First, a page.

Thus began our life together; delivering family medicine to the people of Eau Claire County. I was the top of the chain of command; since Doc Morton had more-or-less turned over every aspect of the business to me. He was still kindly and supportive. But he was also getting up in his seventies. It was really pretty idyllic. We were doing the normal primary care, basic diagnosis and treatment and referrals to Madison, if there was something we couldn't diagnose, or we encountered anything serious.

Eve did the intake and in most cases anything involving the women in the area. I took care of everything else, kids, families and the occasional stray female patient. My life was very fulfilling. I was a pillar of the community, liked and respected by everybody in town, and I was working side-by-side with a woman who was both beautiful and a superb friend and companion.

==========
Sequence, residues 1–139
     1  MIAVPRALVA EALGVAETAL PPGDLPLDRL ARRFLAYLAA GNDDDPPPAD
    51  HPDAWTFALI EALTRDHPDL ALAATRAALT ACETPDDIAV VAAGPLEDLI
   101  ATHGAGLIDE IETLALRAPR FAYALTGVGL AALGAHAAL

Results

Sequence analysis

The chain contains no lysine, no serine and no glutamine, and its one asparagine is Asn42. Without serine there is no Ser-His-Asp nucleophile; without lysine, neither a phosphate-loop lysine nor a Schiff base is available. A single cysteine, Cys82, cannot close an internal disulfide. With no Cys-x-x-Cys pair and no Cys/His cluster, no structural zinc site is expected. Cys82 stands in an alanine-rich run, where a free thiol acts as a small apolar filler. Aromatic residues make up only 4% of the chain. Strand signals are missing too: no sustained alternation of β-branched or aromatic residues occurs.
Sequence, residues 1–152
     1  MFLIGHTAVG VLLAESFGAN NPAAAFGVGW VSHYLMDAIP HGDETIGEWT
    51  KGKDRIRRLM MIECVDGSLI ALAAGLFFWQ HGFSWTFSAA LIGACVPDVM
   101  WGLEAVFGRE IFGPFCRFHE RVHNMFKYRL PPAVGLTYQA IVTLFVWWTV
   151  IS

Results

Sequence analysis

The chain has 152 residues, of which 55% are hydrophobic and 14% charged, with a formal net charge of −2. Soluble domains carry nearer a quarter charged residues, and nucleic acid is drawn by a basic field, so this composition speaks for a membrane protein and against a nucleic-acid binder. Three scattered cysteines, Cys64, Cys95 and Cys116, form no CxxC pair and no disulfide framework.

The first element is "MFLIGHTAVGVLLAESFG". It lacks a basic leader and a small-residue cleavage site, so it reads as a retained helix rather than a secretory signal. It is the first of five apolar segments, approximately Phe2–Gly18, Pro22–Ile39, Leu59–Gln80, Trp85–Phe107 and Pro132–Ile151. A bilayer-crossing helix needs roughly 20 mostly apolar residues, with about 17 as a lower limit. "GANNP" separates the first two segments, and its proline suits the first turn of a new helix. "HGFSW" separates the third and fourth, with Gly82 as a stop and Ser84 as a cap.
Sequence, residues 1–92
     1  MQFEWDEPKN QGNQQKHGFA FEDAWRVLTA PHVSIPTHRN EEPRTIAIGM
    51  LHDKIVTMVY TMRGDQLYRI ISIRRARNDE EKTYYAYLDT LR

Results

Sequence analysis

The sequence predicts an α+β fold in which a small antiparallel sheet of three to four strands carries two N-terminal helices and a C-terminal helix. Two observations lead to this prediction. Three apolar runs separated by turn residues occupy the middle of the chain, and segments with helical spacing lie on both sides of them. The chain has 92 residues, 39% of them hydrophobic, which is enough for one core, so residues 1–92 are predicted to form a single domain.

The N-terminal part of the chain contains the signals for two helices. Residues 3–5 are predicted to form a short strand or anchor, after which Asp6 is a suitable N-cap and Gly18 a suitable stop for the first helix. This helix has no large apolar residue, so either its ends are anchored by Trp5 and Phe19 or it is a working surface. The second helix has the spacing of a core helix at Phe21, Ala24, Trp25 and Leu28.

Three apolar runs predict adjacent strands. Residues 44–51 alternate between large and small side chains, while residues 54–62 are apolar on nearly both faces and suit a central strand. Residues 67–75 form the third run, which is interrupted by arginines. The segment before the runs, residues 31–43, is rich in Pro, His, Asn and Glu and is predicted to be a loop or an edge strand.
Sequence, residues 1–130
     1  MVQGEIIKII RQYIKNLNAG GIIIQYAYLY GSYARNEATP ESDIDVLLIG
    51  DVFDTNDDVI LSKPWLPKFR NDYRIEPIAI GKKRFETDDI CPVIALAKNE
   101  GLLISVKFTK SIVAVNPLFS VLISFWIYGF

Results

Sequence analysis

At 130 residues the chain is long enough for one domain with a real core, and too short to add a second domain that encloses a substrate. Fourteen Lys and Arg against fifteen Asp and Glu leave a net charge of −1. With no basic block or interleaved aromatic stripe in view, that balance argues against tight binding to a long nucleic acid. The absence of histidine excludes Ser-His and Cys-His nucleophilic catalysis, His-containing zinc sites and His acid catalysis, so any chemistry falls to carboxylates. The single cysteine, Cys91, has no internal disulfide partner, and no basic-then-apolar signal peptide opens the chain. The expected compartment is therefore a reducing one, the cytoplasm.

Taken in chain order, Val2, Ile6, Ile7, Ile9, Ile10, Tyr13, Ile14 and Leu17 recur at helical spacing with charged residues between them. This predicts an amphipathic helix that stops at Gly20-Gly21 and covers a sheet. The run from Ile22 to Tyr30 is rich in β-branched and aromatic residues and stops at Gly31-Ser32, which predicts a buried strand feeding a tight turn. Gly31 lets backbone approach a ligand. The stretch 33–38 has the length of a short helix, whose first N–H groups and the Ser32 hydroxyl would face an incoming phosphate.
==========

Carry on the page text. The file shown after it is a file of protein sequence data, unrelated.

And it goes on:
Our start might have been a whole-lot awkward. But by the end of the first month we were as comfortable as a man and a woman could be with each other. That was mainly because it was just the two of us in the Office and THAT was for eight to ten hours a day. But it was also due to the influence of Eve's mother Doris.

I knew Doris from the diner. She was one of those force of nature personalities that you only find in a small town. I lived almost next door to her diner. So I would get breakfast there every morning. It maintained my connection with the community. But it also kept my finger on its pulse, so-to-speak.